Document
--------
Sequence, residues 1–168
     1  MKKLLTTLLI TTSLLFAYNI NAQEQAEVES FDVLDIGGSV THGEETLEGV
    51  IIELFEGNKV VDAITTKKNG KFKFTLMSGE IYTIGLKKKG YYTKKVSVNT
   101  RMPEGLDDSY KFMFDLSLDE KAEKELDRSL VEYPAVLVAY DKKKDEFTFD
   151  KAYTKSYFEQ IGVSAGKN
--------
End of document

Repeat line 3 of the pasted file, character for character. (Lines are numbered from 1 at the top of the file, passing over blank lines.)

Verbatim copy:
    51  IIELFEGNKV VDAITTKKNG KFKFTLMSGE IYTIGLKKKG YYTKKVSVNT